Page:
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Trade War, Stocks... Rally?

Written by Briton Ryle
Posted April 4, 2018 at 4:35PM

Here we go. The trade war is ON! 

Yesterday, after the closing bell (of course), president Trump announced a 25% tariff on $50 billion worth of Chinese goods. And today, China matched the president with a 25% tariff on $50 billion worth of American goods. 

You see Boeing shares getting whacked today? Yeah, Boeing made the Chinese hit list. Automakers and soybeans, too. Every Dow Industrials stock is in the red. Yeah, I know it's just 30 stocks. But it's a decent cross-section of the economy. 

Now, there's always at least a little concern in the air when the Dow's down 400 points. And when those numbers hit 600 and 700, concern starts getting a little panicky...

Because when the losses mount, we all start to wonder if there's something truly disastrous bubbling right below the surface. If you were around for the 2008–9 financial crisis, you know what I mean. Stocks were getting crushed, and it took a long time to really get a handle on what had gone so wrong...

Back then, the whole counter-party issue regarding mortgage-backed securities was a totally new thing. One minute Bear Stearns is fine, the next it's bankrupt. The Fed and Treasury were playing Whack-a-Mole as each new crisis emerged from its hole. 

This is part of the PTSD that I think still plagues the market. It's the "not knowing." And it's reasonable. There's always something we don't know. Worse, sometimes we don't even know what we don't know, as Donald Rumsfeld would say.

Over the last decade, we've seen the fear of the "unknown unknowns" snowball a few times. There was Greek debt. Then Euro debt. Then negative interest rates. Then Brexit. We could easily imagine how each of these could spread like wildfire. But they didn't.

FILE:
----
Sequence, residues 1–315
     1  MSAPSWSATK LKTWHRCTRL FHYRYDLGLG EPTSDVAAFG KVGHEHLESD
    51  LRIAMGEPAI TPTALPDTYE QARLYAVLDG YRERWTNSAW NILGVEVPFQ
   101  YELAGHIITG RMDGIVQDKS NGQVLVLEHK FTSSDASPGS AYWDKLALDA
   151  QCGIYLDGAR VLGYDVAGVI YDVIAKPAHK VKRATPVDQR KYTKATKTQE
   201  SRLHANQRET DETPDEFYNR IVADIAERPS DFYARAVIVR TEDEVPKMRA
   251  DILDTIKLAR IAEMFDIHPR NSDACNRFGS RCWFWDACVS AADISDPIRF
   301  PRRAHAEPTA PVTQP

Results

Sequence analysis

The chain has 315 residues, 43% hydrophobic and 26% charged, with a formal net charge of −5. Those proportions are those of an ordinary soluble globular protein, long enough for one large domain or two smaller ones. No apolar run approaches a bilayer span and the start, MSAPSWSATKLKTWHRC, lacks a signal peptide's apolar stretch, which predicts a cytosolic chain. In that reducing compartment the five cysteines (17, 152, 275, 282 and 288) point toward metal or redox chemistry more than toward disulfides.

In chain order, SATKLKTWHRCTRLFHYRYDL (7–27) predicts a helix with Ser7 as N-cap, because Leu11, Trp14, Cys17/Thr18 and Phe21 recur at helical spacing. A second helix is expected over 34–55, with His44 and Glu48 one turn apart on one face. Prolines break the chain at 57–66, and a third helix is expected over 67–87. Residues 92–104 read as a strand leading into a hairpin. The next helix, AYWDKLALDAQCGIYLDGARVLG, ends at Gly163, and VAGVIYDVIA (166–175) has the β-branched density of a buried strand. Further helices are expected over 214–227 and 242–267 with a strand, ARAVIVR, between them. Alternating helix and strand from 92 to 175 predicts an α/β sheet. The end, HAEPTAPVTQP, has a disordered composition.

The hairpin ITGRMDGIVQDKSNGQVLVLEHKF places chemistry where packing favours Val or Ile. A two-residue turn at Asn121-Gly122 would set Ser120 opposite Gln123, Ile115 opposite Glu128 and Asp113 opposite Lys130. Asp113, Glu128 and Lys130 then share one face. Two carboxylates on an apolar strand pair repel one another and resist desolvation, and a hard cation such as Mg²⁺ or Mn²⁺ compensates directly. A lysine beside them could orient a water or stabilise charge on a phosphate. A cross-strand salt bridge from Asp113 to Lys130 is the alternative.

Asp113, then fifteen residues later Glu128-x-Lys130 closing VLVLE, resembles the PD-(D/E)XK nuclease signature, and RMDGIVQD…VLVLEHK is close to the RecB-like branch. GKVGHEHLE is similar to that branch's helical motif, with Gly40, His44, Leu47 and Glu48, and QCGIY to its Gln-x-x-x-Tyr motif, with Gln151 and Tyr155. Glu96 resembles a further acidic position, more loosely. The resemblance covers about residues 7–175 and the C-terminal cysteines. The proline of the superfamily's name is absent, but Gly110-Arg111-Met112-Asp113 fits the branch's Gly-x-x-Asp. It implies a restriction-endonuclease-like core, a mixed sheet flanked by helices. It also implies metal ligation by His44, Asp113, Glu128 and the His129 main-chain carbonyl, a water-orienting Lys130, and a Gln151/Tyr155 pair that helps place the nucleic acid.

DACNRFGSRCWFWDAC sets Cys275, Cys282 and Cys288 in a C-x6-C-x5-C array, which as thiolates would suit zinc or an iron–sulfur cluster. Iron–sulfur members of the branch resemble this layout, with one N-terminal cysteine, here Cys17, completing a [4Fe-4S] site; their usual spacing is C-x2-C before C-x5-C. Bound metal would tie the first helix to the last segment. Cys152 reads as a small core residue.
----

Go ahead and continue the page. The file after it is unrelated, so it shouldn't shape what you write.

Right now we've got a pretty wicked combination of "unknown unknowns" going bump in the night: Chinese trade war and interest rates. And they are working together. Trade wars can cost jobs and raise prices. And rising interest rates soak up liquidity. Play these out, and you get stagflation, deflation, recession, depression...

Add in a stock market that isn't cheap and is mainly driven by machines, and you can get some pretty big down days.

"Trade Wars Are Good..." 

Now, before you sell all your stocks, hear me out. This may not be the disaster that so many commentators are making it out to be. I mean, it's not good, despite what our fearless leader says. 

And it seems to me that part of the fear over all this is directly related to how Trump speaks. Boisterous, demanding, arrogant...

Not the best qualities, I suppose. But more than those, Trump is often uninformed or downright wrong. Just look at his rant against Amazon from the last few days. I'd have to take off my shoes to count the number of articles I've seen detailing how Amazon’s deal with the U.S. Postal Service actually works. (Yep, I even read a few...)

Trump won't read these articles. He won't listen to advisors who try to tell him the truth. And he won't change his opinion. He might stop tweeting about it, but he won't change it.